Losing is hard (oh, so hard sometimes) but it’s not unfair

April 20th, 2012

So. Our local professional hockey team’s season came to a heartbreaking end on Tuesday when the ZSC Lions (the team from Zürich) scored the winning goal with 2.5 seconds left to play in game seven of a seven game final series. I know, it’s an almost unbelievable scenario, yet there it was. SCB had gone up three games to one in the series and then lost three games in a row. Twice at home: once in overtime and then game seven with 2.5 seconds left in regulation play. The Small Boy was at both of those games and although the Small Boy was crushed on both occasions – he plays, after all, in the SCB youth program and knows a few of the players so his loyalty to the team runs deep – he didn’t cry.

A year ago, I’m pretty sure he would have cried. But Small Boy spent the winter on the ice, part of a team, sometimes winning and sometimes losing himself, and he’s learned how these things go. I don’t think he could quite articulate it yet, but I think he understands that you can play your best hockey, you can leave it all on the ice, and still lose. My mother-in-law calls it the “ungerechtigkeit” of sport – unfairness, or injustice (more translations and examples here) but I challenge her on that word. Maybe I’m missing a subtlety of translation, or maybe I’ve just been around sports a long time, but I don’t think of sports outcomes as unfair and I don’t want the Small Boy to either. There can be unfair situations – biased referees; missed calls (ahem, why yes, Andreas Ambühl was goal-line offsides); players who cheat, shave points, or take performance-enhancing drugs; spectators who interfere with play in a way that’s irreversible – but I don’t think that the cold hard logic of sports itself, which is that for one team to win another team must lose, is unfair. It’s hard. It can be heartbreaking – have you ever watched a 6 foot 2 inch tall, 218 pound professional hockey player cry? It’s heartbreaking. But it’s not unfair.

I am one of those people who believes, for the most part, that sports is a pretty good metaphor for life. There will always be days when you bring your best self to the game and the game crushes you anyway. At Small Boy’s final tournament of the season, his team was up against mostly more experienced teams. Strictly speaking, it was a tournament for the older half of the Bambinis, but our older boys were already at a different tournament that day so TrainerMan – who can be a bit gung-ho about these things sometimes – decided what the heck, we’ll send a team anyway, it’ll be good for them. Well it was. (He’s TrainerMan for a reason, I guess.) Those boys played their best hockey of the year, every last one of them found their best selves, and they never never never stopped trying. We – the parents – were going crazy in the stands, cheering our heads off, and our boys lost most of those games but they knew – you could tell, they just knew – they had played top drawer hockey and I’ll tell you what, a more glorious seventh place team in a field of eight never did exist. And I refuse to call that outcome unfair, or to let the idea of unfairness sneak into Small Boy’s head, because that would be robbing him of understanding this: you play your heart out. Every time. You play your heart out. Let the chips fall where they may, but you lay it all on the line every time, you risk heartbreak every time. And if you give it your best shot, your honest-to-god best shot, and land in seventh place out of eight anyway – or if you play your heart out only to fall in the last 2.5 seconds of game seven – well you let yourself cry a bit. But then you go give it all again tomorrow.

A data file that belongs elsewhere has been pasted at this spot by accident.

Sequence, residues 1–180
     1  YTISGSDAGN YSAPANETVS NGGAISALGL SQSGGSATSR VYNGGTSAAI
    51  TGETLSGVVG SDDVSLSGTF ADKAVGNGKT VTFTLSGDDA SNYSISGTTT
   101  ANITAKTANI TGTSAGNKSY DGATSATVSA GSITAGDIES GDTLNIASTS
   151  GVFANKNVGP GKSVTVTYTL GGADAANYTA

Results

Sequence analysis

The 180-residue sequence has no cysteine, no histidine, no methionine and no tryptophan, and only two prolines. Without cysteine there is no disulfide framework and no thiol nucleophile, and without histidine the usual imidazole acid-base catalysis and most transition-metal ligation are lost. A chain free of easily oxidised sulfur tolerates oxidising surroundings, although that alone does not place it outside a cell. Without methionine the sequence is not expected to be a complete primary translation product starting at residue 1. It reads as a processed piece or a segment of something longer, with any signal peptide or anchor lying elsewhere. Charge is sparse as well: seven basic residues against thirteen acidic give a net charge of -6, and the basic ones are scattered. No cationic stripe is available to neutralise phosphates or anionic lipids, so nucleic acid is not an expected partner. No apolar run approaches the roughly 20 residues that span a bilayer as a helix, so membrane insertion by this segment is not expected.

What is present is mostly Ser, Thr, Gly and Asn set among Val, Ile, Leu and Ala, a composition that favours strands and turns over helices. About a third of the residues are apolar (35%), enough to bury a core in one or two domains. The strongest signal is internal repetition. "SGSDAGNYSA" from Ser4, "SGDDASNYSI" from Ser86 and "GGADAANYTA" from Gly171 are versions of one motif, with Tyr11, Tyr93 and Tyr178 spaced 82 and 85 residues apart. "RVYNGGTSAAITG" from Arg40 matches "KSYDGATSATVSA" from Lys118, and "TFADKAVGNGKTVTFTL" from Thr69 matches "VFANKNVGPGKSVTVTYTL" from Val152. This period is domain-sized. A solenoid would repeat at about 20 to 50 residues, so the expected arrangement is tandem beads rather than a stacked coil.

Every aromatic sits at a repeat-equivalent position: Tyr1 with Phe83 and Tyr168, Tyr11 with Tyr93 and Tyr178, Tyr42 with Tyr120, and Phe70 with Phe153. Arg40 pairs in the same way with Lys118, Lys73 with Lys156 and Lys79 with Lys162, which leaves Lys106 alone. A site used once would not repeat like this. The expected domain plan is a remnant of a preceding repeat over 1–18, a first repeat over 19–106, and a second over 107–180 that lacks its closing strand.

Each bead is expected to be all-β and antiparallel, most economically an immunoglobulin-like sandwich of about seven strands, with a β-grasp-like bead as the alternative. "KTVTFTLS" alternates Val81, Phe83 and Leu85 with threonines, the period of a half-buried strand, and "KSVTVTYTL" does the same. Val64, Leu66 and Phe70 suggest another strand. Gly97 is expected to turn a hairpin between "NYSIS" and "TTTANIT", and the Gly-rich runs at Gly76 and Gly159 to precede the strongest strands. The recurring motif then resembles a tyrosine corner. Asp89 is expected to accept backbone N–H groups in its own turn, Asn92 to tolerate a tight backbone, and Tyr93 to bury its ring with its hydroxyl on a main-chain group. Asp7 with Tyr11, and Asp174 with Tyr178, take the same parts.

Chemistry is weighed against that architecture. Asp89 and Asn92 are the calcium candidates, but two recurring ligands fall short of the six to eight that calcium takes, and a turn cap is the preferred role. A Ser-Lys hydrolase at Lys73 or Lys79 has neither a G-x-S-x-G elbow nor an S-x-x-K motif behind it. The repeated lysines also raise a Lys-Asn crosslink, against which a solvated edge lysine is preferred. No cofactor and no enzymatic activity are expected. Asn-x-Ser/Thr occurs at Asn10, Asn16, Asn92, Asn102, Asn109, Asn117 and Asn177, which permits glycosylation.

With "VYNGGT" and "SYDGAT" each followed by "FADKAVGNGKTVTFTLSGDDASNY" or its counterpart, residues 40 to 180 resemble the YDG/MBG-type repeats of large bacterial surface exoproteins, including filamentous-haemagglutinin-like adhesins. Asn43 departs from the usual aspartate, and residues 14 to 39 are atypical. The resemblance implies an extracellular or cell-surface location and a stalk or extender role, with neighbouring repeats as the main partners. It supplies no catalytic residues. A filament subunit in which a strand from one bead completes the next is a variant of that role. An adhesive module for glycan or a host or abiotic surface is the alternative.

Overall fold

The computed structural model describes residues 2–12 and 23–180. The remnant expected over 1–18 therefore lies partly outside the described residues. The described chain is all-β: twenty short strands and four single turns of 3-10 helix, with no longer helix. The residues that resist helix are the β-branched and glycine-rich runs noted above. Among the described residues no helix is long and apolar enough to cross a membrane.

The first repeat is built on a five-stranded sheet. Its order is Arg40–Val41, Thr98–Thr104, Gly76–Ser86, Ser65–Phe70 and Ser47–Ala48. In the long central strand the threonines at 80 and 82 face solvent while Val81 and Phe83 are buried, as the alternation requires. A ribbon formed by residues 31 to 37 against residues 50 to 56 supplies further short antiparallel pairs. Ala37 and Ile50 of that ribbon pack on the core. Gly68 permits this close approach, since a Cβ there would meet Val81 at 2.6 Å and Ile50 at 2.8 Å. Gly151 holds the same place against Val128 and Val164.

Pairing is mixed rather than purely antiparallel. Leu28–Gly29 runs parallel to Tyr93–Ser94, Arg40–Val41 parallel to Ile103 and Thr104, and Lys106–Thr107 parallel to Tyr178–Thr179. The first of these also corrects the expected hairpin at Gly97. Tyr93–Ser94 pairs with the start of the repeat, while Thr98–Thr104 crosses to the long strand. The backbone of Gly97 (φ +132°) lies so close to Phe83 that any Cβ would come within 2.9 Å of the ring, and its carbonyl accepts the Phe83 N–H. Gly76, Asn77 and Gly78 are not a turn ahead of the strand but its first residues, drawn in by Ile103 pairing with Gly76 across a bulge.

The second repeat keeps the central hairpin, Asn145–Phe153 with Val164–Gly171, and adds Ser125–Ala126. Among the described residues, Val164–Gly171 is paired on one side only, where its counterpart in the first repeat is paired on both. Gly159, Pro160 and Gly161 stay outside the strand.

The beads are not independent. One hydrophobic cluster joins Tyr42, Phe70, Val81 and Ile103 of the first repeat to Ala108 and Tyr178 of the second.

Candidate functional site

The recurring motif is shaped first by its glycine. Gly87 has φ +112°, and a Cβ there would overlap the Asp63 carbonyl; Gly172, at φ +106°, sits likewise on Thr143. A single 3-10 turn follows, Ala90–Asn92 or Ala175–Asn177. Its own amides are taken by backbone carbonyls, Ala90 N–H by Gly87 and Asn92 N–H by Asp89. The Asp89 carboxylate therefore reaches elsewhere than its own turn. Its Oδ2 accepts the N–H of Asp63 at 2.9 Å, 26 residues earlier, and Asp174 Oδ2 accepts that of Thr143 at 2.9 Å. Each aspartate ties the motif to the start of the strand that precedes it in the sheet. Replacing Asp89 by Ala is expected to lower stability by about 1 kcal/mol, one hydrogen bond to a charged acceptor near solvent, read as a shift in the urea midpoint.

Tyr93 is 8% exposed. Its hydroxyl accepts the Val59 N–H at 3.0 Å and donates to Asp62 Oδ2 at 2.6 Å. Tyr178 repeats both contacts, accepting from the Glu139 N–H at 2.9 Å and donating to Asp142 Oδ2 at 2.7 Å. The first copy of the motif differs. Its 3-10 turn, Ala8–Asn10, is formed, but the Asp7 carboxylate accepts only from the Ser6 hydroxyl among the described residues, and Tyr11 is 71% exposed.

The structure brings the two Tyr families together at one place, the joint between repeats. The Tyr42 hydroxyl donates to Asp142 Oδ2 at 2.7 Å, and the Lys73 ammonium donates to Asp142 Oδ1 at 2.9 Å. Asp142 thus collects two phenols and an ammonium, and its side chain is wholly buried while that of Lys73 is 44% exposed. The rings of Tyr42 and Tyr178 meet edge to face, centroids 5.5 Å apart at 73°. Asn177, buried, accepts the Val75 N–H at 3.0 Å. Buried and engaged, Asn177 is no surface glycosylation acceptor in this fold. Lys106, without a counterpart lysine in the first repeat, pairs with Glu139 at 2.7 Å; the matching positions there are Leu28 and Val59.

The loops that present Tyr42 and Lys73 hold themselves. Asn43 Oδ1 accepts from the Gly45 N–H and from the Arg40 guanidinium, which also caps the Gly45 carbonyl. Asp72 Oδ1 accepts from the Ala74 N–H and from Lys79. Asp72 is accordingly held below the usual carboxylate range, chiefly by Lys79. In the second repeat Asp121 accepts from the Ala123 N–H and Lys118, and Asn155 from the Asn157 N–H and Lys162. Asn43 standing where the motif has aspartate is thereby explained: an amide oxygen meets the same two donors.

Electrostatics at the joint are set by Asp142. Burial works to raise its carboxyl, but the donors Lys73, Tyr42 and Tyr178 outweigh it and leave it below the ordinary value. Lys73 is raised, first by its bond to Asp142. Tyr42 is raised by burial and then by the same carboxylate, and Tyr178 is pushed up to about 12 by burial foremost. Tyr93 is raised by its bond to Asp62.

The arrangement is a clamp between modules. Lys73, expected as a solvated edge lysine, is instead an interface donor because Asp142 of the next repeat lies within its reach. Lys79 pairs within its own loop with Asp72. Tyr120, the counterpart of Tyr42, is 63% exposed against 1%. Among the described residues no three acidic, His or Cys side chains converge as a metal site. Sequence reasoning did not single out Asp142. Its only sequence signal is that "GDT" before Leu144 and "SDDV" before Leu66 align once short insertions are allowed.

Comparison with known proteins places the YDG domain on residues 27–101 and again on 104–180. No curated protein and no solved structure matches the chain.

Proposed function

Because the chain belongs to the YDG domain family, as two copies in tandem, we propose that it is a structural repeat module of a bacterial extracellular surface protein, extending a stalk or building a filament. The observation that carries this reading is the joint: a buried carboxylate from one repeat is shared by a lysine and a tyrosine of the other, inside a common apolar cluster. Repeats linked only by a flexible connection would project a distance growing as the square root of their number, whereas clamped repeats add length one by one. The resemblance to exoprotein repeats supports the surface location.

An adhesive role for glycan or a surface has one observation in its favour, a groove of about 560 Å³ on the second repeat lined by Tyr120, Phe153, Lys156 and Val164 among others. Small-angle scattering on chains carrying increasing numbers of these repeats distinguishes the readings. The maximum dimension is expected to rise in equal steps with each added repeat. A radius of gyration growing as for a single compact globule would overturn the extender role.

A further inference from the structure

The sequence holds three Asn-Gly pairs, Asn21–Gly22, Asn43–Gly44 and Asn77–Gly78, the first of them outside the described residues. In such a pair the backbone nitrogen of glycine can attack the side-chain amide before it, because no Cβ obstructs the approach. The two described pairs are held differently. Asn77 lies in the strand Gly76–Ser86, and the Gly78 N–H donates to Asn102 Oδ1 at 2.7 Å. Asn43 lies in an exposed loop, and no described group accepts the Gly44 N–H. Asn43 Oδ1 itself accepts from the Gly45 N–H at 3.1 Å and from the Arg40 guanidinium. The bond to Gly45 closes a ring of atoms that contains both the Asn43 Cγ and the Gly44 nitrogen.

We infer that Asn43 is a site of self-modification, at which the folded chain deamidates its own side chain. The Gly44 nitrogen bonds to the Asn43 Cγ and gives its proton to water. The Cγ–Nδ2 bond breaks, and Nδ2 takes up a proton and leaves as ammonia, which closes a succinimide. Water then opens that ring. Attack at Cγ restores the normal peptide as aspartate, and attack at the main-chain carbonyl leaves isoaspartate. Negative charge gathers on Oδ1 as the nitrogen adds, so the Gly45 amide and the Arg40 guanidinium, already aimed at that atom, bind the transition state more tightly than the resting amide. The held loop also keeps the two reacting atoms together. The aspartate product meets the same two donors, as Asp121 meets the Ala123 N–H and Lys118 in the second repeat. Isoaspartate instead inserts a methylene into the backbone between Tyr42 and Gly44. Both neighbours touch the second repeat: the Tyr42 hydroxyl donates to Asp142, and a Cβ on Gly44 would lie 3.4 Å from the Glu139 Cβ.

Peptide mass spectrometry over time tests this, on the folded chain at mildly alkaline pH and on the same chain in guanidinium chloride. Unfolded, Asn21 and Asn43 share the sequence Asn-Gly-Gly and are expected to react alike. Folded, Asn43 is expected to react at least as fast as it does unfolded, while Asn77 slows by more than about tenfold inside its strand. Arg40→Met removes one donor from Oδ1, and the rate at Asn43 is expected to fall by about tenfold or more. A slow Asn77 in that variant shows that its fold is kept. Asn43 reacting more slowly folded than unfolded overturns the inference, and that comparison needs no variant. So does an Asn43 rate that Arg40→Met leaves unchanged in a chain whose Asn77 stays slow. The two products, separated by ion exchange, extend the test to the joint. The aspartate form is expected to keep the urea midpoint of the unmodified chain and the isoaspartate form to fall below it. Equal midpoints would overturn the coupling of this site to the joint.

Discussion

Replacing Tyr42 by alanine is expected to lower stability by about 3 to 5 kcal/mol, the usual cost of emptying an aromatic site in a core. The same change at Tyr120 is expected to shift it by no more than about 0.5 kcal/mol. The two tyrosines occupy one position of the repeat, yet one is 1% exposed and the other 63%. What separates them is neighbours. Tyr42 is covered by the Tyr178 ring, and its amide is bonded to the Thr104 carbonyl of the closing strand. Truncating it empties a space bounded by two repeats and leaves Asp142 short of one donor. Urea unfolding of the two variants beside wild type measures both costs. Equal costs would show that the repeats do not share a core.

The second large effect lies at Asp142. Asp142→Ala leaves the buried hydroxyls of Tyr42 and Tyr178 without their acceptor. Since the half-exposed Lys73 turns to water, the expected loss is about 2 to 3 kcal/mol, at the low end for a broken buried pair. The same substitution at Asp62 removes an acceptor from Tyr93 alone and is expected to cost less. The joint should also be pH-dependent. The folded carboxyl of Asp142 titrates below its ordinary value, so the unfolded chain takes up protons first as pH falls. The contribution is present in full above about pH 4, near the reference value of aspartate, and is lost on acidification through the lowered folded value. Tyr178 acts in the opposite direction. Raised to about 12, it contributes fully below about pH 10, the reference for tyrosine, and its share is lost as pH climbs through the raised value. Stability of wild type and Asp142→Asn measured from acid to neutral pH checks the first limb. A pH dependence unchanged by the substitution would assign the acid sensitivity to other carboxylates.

It’s not unfair. It’s sport, in the best sense of the game. It’s life, in the best sense of the word. I think, slowly, in the inarticulate way of a seven year old boy who plays a whole lot of hockey, Small Boy gets that a bit. He is learning – without, perhaps, realizing it – how to risk breaking his own heart for the thing that he loves. It’s the best outcome I could have hoped for that very first time I ever laced up his skates.

What are you willing to break your own heart for? And for any parents reading, how do you feel about putting your kids, or watching your kids put themselves, in a position to get their hearts broken?


3 Responses to “Losing is hard (oh, so hard sometimes) but it’s not unfair”

  1. Tracy on April 22, 2012 11:49 am

    Great post, simpy great.

  2. Tracy on April 22, 2012 11:50 am

    That was supposed to be “simply”.

  3. Jennifer on April 30, 2012 11:53 am

    thanks!

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